Southwest says fares are down despite rising fuel costs

Bart Jansen
Ramp workers prepare a Southwest Airlines Boeing 737 for departure July 17, 2018, to Denver from Minneapolis International Airport in Minneapolis.

As airlines cope with higher fuel costs, Southwest Airlines executives said Thursday in contrast to their rivals that they haven’t raised fares. And they don’t contemplate charging for bags or flight changes, either.

American Airlines, Delta Air Lines and United Airlines all have reported this month that their fuel costs are up as much as 40 percent, potentially costing each carrier $2 billion this year that the airlines say they'll try to offset at least partially with higher fares.

At Southwest, the fuel cost was up 12 percent -- or about $241 million -- during the first half of the year, after the company hedged against some of the price hike.

But executives said the benefits of a federal tax overhaul in 2017 were enough to offset higher fuel costs. Average fares dropped 4.4 percent during the quarter, part of a steady decline since 2014, according to CEO Gary Kelly.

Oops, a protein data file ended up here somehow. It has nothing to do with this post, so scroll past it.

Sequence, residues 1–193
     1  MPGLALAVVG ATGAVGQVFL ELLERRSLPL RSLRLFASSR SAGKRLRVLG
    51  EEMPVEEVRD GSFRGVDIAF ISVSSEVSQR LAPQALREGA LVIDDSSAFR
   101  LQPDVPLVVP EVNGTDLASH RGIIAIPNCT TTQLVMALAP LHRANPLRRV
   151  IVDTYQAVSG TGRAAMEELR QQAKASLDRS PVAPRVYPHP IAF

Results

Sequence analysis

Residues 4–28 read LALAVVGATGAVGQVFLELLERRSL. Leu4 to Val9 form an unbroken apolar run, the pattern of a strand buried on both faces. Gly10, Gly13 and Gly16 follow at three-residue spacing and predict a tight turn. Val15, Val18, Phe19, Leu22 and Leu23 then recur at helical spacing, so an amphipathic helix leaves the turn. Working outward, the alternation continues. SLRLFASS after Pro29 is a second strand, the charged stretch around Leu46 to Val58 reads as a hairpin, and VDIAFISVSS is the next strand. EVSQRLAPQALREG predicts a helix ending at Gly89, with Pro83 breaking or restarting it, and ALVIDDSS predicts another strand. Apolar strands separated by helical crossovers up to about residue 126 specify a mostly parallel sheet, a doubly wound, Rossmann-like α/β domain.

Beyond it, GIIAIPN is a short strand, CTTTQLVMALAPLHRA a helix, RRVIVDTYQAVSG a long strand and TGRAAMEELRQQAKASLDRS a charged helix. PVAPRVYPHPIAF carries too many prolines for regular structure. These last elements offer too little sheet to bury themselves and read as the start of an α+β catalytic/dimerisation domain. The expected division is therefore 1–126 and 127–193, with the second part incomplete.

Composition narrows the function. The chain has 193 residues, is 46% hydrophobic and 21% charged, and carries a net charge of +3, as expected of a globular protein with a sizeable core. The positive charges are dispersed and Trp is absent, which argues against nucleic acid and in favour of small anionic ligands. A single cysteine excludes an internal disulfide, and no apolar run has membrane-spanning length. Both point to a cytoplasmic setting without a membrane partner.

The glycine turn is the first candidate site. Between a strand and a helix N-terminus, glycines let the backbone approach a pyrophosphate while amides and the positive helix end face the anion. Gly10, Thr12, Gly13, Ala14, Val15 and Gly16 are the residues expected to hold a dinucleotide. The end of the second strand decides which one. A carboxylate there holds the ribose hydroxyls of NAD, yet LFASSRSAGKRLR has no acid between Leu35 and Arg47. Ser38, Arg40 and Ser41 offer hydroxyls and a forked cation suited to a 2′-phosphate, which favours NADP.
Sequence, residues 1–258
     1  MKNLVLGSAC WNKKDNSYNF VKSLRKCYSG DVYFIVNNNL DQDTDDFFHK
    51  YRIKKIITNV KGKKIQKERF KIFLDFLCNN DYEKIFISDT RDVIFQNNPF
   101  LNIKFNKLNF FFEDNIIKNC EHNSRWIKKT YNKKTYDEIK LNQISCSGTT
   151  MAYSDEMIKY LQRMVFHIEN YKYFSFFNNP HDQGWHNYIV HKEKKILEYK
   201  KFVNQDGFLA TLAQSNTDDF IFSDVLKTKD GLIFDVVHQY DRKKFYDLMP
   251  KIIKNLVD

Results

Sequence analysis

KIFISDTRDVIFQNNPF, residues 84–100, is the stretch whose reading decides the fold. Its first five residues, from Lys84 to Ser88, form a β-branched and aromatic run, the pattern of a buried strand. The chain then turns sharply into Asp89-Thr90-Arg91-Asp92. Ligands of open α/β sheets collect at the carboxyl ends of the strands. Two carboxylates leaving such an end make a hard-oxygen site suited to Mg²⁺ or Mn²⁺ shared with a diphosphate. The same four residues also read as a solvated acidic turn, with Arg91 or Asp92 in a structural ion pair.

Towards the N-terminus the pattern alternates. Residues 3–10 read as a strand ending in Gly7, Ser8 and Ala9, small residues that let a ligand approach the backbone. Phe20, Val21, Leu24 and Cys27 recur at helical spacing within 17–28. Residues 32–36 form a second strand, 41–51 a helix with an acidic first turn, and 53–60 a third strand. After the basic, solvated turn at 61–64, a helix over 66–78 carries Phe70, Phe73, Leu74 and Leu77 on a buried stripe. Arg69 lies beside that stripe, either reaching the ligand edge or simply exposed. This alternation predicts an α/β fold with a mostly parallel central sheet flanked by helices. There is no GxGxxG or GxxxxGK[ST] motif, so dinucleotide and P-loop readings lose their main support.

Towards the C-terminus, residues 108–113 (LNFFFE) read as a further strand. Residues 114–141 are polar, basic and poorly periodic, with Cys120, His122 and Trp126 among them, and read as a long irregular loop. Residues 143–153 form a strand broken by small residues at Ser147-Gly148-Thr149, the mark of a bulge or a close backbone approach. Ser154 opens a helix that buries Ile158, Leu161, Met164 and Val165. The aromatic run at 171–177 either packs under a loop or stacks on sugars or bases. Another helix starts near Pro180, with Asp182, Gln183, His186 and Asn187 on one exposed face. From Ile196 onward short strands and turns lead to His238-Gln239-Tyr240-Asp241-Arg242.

“We didn’t sock it to our customers,” Kelly told investment analysts and reporters on an earnings call. “We are America’s low fare leader.”


The airline is starting to study new revenue options for beyond 2019. But in response to repeated questions, Kelly said they aren’t looking immediately at starting to charge for checked bags, for changing flights or for assigned seats.

“We are not looking at assigning seats right now,” Kelly said. “We are not talking about assigning seats. We are not talking about looking at it in the future.”

While some customers demand assigned seating, Southwest studied the options with passengers in San Diego more than a decade ago and developed a new method for boarding. Without assigning seats.

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A new reservation system would allow the option, but don’t count on it, executives told analysts.

“It ain’t happening now,” Kelly said. “And it won’t happen next year.”

Neither will bag fees or flight-change fees.

“We are not thinking about bag fees,” Kelly said. “We are not thinking about change fees.”

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